Showing posts with label investments. Show all posts
Showing posts with label investments. Show all posts

Apr 22, 2012

Investment Herding Risk

What was suspected, has now been proved:

Investment Herding Exists!

Dutch Pension Funds are active Traders
In a 2011 research document called "Herd behavior and trading of Dutch pension funds", researchers Rubbaniy, Lelyveld and Verschoor of the Dutch Erasmus University in Rotterdam, provided evidence that repudiates the popular belief that - in specific - Dutch pension funds are long-term passive institutional traders.

De facto Dutch pension funds are active traders and trade about 8.5%  of their portfolio on a monthly basis!

Main conclusions of Rubbaniy (et al.) are:
  • Significant feedback trading strategies, both momentum and contrarian
  • Robust herding behavior in investments of Dutch pension funds
    Overall (LSV) herding level of 8.14% (significant at 1% level !!)
    On average if 100 PFs are active in the same security in the same month, there are 8.14 more PFs trading on the same side of the market than what would be expected under null hypothesis of random selection of securities.
  • Herding asymmetry in buying and selling of securities
    Across asset classes there is a higher degree of herding in less-risky assets.
  • Recent financial crises have a positive impact on both turnover and herding while it negatively affects feedback trading.

Possible explanations of these herding effects are:
  • Possibly outsourcing of portfolio management and small PFs imitation of large PFs’ lead to the same kind of asset allocation strategy.
  • Many small Dutch PFs often hire the same large and reputed asset management firms for their portfolio management and are likely to have same asset allocation of their portfolios. 
  • Even if they do their own portfolio management, small Dutch PFs may mimic the investment behavior of large PFs - a widespread belief about the small investors - and thus, add to (LSV) herding measure.

Let's conclude with some remarks....

  • Dangerous Big Brother Hedge
    Although large PFs (investors) have some 'economics of scale' and budget for experimenting on a small scale with (alternative) non-conventional investments, their investment strategy probably strongly differs from a small PF, as liabilities, sponsor obligations and pension benefits conditions are often are fund specific.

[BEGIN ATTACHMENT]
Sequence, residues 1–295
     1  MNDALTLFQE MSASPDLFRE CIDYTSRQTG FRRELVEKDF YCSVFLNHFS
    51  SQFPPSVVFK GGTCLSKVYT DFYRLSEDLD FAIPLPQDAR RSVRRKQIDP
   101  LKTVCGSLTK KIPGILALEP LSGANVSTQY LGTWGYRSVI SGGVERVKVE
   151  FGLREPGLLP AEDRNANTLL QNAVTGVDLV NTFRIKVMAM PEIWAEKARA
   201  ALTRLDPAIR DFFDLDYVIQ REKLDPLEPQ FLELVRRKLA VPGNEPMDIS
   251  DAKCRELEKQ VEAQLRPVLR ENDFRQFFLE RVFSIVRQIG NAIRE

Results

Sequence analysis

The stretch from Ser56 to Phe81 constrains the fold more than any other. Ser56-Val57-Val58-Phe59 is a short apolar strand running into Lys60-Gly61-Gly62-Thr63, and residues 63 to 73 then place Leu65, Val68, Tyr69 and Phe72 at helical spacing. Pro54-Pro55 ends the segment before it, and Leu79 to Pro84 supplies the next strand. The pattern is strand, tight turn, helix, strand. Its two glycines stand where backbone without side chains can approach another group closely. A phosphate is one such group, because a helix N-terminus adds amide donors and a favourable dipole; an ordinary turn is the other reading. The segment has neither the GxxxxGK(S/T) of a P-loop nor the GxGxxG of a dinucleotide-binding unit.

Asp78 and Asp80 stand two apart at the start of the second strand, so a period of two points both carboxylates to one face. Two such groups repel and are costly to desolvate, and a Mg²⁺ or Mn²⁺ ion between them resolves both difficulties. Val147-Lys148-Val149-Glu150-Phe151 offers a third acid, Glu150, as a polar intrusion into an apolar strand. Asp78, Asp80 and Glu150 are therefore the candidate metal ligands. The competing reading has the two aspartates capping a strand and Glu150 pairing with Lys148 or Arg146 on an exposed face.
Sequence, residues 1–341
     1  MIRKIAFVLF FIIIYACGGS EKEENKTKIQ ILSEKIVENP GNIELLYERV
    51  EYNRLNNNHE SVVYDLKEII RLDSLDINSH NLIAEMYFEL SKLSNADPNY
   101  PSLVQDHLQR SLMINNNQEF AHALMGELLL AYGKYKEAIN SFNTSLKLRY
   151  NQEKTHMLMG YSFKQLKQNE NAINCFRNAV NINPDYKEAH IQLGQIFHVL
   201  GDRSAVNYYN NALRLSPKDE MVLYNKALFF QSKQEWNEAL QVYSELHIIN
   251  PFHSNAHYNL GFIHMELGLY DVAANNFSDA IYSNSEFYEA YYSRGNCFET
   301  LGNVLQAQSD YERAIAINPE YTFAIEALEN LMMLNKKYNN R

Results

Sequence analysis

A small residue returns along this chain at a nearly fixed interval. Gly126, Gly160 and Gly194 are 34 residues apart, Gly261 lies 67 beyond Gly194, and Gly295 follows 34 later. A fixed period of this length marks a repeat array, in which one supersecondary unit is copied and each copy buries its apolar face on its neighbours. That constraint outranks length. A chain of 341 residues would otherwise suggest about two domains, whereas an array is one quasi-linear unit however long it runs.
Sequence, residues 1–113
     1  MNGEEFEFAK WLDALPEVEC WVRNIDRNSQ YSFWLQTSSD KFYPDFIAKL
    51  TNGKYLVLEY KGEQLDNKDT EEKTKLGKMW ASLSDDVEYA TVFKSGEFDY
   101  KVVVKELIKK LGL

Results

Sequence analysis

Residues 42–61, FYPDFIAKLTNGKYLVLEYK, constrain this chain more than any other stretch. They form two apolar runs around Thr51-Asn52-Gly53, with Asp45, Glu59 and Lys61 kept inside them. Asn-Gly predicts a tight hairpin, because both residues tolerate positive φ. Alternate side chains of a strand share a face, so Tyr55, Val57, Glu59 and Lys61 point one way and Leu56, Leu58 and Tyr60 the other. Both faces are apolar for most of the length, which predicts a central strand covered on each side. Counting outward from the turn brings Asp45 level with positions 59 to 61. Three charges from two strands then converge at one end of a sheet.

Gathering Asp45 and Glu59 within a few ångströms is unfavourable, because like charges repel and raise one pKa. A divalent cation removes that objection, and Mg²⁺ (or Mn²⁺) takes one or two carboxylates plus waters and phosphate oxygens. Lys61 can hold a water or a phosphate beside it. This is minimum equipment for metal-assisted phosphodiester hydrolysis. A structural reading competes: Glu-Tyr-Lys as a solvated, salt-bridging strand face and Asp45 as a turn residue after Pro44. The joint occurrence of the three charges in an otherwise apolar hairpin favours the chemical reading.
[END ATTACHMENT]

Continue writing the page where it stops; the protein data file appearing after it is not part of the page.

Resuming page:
Therefore, following a large PF asset strategy as a small PF, is extremely dangerous and will eventually not turn out to be the 'big brother hedge' the fund was aiming at.
  • Unfounded First Mover Risk
    Key question remains if all this herding, hedging and active trading results in an outperformance above a long term sustainable asset-location strategy.

    Probably not. But although investors pretend tot act on a rational basis, in reality irrational and conformist behavior take the upper-hand. Small investors often don't dare to formulate a unique fund specific asset allocation strategy because of 'first mover risk'.

Keep care and formulate yur own specif pension fund strategic asset mix!

Related Links & Sources
 - "Herd behaviour and trading of Dutch pension funds" (2011, PDF)
 - Momentum or Contrarian Investment Strategies:
    Evidence from Dutch Institutional Investors (2011)
- Momentum and Contrarian Stock-Market Indices

Jun 27, 2009

Pension Fund Death Spiral

In a very simplified model (Pensions Dynamics, PPT), professor of investment strategy, Alan White, concludes that defined benefit pension plans probably cannot succeed on the long term.

Death Spiral
White shows that every pension fund with a non risk-free asset approach, will eventually encounter a “Death Spiral” which will lead to the collapse of the fund. The only solutions are:
  • Raising contribution rates
  • Lowering promised pension benefits.

All conclusions are based on the next summarized main assumptions:
  • Compensation growth: 2% per year
  • Pension contribution: 15% of yearly compensation
  • Yearly retirement income objective: 70% of his final salary
  • Risk-free rate of interest is 3%;Risk premium on the risky assets: 3%
  • Annual volatility of the risky assets: 15%
  • Time horizon: 100-year
  • Risky Assets investment part : 60% of the portfolio
  • Corresponding final pay pension defined as 20 year annuity
  • Required minimum average Pension Fund asset value in steady state
    - at 3% return: €/$ 47,200
    - at 6% return: €/$ 23,600

Frequency Distribution Outcome
One of the most striking outcomes of this study is the fact that as we look farther in to the future of the simulated pension fund, the amplitude of the frequency distribution of asset values appears to be dropping to zero. The chance that (average) asset values will be between $10,000 and $100,000 gets smaller and smaller.

The reason for this is that the probability of very high asset values and the probability of entering a collapsed state (the collapsed funds are not shown in the next figure) both increase as we expand out time horizon. As a result the probability that assets remain in the intermediate interval, is reduced.

Another interesting facts are:
  • Asset values appear to become more sustainable as the part 'risky assets' increases
  • Collapse rates for growing pension funds are, (almost) independently of the asset mix, negligible.
  • Collapse rates for more mature (steady state) pension funds are substantial and increase to deadly percentages as the time horizon increases from 50 to 100 years.

Although Whites model is perhaps oversimplified and can be easily criticized, it clearly shows the essential principles of running a pension fund.

In a commentary, Rob Bauer (ABP, University of Maastricht) argues White's conclusions. Nevertheless, interesting stuff, that stimulates actuarial insight.

Interesting corresponding links: